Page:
McDonald's apologises, pays $10 mn to veggies
Harish Bharti
WASHINGTON: Fast food behemoth McDonald's has agreed to publicly apologise to "Hindus, vegetarians and others" for failing to disclose the use of animal products in foods it identified as vegetarian.

The company will also donate $10 million to concerns supported by these groups as part of a settlement in a class-action lawsuit initiated by Seattle-based Indian-American attorney Harish Bharti.

Starting next month, pending court approval, the fast food giant will insert advertisements in newspapers apologising for its mistake.

"We acknowledge that, upon our switch to vegetable oil in the early 1990s for the purpose of reducing cholesterol, mistakes were made in communicating to the public and customers about the ingredients in our French fries and hash browns. Those mistakes included instances in which French fries and hash browns sold at US restaurants were improperly identified as vegetarian," the ads will say.

"We regret we did not provide these customers with complete information, and we sincerely apologise for any hardship that these miscommunications have caused among Hindus, vegetarians and others," the settlement-ad will say. As a result of the flap, and under the terms of the settlement, McDonald's has also promised to enhance its disclosure standards and create a Dietary Practice/Vegetarian Advisory Panel of experts that will advise the fast food chain on dietary restrictions and guidelines.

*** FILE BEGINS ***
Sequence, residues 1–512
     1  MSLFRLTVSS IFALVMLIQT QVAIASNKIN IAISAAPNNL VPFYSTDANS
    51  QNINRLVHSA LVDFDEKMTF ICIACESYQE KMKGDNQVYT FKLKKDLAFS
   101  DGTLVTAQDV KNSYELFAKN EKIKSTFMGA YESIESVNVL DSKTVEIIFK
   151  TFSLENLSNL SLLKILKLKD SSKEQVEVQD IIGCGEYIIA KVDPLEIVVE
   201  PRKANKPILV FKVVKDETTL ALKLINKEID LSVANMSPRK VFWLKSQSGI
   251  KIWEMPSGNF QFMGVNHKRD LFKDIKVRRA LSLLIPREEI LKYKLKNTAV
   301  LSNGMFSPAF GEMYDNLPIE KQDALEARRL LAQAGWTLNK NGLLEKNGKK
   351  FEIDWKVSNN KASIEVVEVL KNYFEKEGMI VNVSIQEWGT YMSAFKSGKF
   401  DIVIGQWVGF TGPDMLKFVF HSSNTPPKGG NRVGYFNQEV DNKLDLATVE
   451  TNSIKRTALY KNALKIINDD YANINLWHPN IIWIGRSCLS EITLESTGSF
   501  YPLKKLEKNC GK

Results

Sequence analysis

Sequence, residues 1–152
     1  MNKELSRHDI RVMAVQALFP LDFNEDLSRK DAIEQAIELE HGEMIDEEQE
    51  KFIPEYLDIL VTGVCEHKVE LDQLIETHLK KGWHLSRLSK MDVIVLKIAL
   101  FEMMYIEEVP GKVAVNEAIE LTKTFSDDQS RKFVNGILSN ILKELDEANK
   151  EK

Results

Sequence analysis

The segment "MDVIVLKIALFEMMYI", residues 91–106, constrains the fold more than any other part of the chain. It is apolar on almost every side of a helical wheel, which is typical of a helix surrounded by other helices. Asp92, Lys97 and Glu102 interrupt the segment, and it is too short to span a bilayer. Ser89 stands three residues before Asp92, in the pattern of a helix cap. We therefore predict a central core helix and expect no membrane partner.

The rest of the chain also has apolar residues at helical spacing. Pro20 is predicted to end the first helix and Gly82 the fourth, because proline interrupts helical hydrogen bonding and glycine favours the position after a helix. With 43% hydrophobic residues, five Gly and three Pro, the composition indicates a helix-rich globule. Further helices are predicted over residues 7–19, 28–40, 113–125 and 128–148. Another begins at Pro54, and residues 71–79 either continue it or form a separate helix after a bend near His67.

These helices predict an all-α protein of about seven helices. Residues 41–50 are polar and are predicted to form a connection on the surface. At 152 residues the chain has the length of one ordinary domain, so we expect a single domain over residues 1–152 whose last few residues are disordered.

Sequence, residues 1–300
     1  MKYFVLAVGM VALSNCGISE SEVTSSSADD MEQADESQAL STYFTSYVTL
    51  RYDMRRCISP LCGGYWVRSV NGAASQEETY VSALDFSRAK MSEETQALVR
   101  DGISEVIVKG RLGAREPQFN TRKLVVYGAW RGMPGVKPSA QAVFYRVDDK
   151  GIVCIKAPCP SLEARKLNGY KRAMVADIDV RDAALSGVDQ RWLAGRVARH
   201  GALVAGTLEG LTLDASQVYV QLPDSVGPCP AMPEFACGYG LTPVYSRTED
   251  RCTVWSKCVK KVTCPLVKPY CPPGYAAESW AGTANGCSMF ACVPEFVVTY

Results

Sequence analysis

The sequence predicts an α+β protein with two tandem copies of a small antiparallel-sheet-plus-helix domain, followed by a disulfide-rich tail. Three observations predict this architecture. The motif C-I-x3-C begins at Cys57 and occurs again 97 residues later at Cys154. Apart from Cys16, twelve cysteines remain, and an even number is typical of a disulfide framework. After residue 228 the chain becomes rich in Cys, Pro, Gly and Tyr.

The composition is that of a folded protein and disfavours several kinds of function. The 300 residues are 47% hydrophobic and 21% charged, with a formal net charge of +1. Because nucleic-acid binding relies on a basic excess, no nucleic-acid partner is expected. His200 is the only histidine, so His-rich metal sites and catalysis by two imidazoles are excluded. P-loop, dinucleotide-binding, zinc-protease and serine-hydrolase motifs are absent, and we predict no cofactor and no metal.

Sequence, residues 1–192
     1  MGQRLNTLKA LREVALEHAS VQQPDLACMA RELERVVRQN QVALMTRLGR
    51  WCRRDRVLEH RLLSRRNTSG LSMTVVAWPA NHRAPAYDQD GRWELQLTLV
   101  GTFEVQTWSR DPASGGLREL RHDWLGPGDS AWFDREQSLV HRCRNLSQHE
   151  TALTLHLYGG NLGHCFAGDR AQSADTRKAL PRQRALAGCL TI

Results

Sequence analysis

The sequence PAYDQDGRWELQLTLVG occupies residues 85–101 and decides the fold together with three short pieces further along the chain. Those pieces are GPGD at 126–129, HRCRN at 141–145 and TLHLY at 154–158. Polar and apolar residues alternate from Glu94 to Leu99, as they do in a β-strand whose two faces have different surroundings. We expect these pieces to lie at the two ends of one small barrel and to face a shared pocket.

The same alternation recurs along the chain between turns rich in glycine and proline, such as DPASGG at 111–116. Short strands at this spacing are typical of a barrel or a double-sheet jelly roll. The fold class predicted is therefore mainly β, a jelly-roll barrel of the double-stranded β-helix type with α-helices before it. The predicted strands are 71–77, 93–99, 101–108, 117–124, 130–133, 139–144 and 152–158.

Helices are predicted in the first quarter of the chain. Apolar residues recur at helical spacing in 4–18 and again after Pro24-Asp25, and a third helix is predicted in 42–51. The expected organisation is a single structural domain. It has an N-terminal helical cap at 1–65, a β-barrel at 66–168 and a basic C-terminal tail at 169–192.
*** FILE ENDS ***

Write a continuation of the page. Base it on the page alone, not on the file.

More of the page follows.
The lawsuit arose from an episode in April 2001 when some Indian-American vegetarians on the West Coast accused McDonald's of misleading customers by presenting its golden fries as vegetarian.

While McDonald did phase out animal fat in favour of vegetable oil for frying, it was later revealed that the firm continued to use "miniscule" amounts of beef flavouring to "enhance" taste.

The admission, in the form of an e-mail message from a McDonald's executive to an inquiring Indian-American customer, led to the widely-reported lawsuit. The episode also provoked protests in India. McDonald's has a modest number of outlets in India and has sales of nearly $20 billion annually worldwide.

In an interview with this correspondent, Harish Bharti, the expansive Seattle attorney who oversaw the effort, said he had decided to settle with
McDonald's after having proved the point.

"In the last 100 years, this is the first giant corporation to apologise, admit wrongdoing and also pay millions of dollars," Bharti claimed adding
that he was not "fully satisfied" with the monetary aspects of the deal but "money isn't everything."